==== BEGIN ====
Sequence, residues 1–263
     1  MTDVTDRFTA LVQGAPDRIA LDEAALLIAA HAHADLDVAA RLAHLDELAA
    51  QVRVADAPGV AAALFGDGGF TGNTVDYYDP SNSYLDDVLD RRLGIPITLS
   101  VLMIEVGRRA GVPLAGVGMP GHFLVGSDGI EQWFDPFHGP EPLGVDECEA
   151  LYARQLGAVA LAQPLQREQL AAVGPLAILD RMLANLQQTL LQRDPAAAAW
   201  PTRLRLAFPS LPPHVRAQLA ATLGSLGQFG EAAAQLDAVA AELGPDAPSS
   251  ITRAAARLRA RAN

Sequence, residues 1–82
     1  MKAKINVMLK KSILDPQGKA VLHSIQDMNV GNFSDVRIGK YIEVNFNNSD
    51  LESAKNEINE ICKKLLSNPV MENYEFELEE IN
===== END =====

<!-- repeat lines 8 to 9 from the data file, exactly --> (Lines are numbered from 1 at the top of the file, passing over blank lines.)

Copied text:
Sequence, residues 1–82
     1  MKAKINVMLK KSILDPQGKA VLHSIQDMNV GNFSDVRIGK YIEVNFNNSD